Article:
Is it app-ropriate to require personal information for parking?

elevenM’s Tessa Loftus on the experience of technology solutions that are actually privacy intrusions in our everyday life.

Last week, I needed to take my daughter for an early morning urgent medical appointment in Rhodes. My initial delight at easily finding a park quickly turned to consternation when it seemed that the only option to pay for my parking — on a public street — was to download an app.[1]

As anyone who’s ever needed to get to a specialist appointment on time (i.e., everybody) would know, you don’t have the luxury of being late. So, my options seemed to be: download the app without reading the privacy policy, do not download the app and risk a parking fine or find alternative parking.

Despite being a privacy professional, I did as most people would do and downloaded the app, which immediately asked to access my motion and fitness activity (why?), and to send me push notifications. For the app to work, I was required to provide my full name, email, phone number, credit card details and access to my real time location data. This gave the options of once only, only while using the app, or, again oddly, always.

Even if I’d had time to read the privacy policy (which I didn’t in view of our looming appointment), there was no privacy policy linked in the app store, and the page entitled ‘App Privacy’ was blank.

As we noted in our recent blog on the consent catch-22, “Information privacy is often defined in terms of individual control — the ability to determine for yourself when others may collect and how they may use your information.” But moving basic services into privately-operated technological solutions and making them ‘accept or don’t use’ undermines the basic notion of consent. If my options are ‘not parking in this suburb’ or providing my name, email, phone, credit card and real time location to an organisation that doesn’t provide a privacy policy in its app, that is not a real choice, nor is it genuine consent.

Further, where personal information must be provided to use public facilities or to access government services, there is no possibility of a valid ‘consent’ to data processing. I should not have to give up my information to sit on a public bench or park in a public space.

Needless to say, I deleted the app when I left my park. But how do I divorce myself entirely from this app? While deleting the app stops it accessing my location data, it is unlikely that it deletes my data from the database. So now I have to trust in perpetuity that the app developer is protecting my full name, email, phone number, credit card details and location data.

There are simply too many situations where unnecessary collection of information has been slipped into everyday life without people noticing. It is easy to see why a local council and frequent parkers would value the convenience of an app like this, which offers remote extensions of time and linking to a credit card for repeat payments. But what if I don’t want to share my profile with a company I don’t know (or haven’t had time to investigate), or I just want to remain anonymous? What if I am a person who is only thinking about getting where I’m going, and not about digital risk while I’m parking my car, which causes me to make a decision that later causes me harm?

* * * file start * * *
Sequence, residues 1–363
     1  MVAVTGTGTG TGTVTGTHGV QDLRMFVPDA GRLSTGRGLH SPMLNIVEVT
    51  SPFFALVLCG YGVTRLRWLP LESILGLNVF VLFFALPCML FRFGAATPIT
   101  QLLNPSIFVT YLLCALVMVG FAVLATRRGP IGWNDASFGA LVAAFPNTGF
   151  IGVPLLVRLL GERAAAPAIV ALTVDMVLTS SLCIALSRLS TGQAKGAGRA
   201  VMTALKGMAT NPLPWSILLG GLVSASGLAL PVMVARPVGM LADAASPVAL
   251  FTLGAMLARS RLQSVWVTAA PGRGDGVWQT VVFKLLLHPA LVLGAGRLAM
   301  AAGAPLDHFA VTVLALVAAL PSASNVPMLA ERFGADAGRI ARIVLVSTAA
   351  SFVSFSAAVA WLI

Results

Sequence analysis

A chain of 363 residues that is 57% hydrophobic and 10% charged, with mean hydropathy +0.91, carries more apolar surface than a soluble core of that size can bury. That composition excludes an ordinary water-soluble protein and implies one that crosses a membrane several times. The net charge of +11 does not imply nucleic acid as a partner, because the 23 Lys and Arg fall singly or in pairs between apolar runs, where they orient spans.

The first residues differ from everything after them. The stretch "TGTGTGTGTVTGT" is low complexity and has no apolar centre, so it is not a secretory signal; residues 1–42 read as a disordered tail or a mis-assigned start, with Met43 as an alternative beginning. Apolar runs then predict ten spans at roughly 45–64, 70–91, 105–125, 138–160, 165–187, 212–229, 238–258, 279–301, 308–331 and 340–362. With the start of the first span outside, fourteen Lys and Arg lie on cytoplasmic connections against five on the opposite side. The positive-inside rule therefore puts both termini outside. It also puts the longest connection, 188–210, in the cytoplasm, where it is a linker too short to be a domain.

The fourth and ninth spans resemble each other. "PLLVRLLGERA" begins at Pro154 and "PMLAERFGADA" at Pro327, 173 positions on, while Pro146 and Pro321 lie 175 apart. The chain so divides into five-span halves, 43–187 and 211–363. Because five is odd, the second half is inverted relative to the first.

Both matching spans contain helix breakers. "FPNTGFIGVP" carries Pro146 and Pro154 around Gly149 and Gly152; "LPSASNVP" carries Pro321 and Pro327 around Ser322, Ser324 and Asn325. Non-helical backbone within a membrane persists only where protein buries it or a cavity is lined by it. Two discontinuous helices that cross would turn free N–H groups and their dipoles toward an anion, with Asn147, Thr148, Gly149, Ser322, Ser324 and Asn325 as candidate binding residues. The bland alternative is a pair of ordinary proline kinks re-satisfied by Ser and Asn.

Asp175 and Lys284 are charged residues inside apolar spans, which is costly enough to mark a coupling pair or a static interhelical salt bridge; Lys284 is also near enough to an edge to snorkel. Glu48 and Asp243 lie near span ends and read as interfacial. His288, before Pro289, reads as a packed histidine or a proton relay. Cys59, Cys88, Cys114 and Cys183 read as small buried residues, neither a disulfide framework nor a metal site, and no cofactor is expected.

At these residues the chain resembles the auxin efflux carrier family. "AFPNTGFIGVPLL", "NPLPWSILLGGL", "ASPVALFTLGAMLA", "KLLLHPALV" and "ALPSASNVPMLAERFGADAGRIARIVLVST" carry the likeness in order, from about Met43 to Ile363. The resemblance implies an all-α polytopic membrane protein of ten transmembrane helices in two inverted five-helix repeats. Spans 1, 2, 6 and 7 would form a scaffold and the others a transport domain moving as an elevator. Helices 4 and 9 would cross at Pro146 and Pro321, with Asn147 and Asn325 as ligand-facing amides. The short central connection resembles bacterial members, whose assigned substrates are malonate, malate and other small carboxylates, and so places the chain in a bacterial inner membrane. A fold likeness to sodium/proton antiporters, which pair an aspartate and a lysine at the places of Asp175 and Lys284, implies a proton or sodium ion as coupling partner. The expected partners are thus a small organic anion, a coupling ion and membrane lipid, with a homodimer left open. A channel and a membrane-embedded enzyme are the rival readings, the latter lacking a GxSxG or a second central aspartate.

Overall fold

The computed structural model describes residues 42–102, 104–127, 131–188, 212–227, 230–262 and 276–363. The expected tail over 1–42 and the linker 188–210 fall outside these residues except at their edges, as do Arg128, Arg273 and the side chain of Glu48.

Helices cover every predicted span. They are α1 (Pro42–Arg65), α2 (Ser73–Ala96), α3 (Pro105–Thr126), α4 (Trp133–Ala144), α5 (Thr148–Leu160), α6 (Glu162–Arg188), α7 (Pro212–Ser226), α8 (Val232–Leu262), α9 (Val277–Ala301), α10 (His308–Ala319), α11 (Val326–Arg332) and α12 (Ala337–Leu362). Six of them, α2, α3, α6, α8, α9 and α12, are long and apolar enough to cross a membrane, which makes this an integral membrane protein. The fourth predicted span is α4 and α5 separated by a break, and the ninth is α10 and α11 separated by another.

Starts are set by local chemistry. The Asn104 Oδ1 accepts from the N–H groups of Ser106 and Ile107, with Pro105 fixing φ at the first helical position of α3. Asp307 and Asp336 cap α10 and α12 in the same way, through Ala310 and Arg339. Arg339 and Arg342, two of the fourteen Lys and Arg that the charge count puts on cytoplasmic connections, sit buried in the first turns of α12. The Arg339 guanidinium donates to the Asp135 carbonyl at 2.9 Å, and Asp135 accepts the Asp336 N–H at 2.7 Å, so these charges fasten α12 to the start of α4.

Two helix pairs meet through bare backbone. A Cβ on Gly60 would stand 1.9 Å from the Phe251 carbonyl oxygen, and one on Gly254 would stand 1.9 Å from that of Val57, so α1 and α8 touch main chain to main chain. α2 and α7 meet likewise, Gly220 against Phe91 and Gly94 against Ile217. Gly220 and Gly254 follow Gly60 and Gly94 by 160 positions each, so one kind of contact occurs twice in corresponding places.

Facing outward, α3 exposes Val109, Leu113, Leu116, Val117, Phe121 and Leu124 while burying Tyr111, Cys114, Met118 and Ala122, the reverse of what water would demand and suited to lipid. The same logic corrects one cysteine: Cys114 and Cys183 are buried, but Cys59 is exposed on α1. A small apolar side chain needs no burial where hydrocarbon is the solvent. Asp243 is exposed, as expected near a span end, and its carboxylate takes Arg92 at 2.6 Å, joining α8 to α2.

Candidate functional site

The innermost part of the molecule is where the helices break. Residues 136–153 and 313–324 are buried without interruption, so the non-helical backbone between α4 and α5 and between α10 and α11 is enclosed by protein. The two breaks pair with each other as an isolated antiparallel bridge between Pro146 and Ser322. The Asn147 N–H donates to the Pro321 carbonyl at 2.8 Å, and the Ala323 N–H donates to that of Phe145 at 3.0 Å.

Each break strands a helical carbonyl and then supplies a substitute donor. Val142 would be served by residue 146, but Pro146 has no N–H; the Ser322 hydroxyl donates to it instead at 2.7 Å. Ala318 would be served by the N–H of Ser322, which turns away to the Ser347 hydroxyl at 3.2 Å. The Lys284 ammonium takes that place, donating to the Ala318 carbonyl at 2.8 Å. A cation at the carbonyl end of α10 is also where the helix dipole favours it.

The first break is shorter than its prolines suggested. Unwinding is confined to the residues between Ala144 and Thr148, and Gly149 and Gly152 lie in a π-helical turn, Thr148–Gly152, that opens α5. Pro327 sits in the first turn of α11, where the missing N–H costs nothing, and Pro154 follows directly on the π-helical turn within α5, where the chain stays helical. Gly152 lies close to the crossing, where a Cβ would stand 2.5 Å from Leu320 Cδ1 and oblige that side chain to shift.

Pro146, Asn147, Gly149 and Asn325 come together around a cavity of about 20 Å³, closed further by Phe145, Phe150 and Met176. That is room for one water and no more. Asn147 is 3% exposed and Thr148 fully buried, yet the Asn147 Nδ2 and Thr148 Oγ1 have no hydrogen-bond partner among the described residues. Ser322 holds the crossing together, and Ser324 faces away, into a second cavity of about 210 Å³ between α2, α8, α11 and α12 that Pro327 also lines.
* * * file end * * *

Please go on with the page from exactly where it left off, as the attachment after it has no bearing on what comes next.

We should all know by now that with innovation and digital convenience come new risks. And it should not be incumbent on consumers to navigate those new risks (especially when they’re under pressure), but rather to be able to trust the system knowing that the rules of participation for data collectors require that people and our social values are protected.

As organisations – both business and government – increasingly look to technology for solutions to the ‘everyday’ we need to ensure that they meet baseline protections. I feel entirely comfortable in buying the cheapest available car seat for my child, because I know that Australia has strong product safety laws and that someone with more expertise than myself has checked that we will be kept safe.

If I must download an app to park my car, the starting assumptions should include data minimisation, strict use limitation and high standards of security. It should not be used as an opportunity to track and monitor me under the fictional guise of consent. I should be able to feel confident that, even if I do not understand the privacy policy, someone who does has ensured that my welfare is protected.

[1]The Canada Bay council website indicates that app-area parking also offers regular parking meters. However this option wasn’t conspicuous to me – the parking sign said ‘phone ticket’, it was underneath a larger sign saying ‘app-name parking area’, and no parking meter was obvious in the vicinity.

 

Photo by Anne Nygård on Unsplash

 

GovHack: a lesson in optimism

elevenM Senior Consultant and Victorian State Director of GovHack, Jordan Wilson-Otto explains why it’s important to maintain a sense of optimism about the future of technology and society.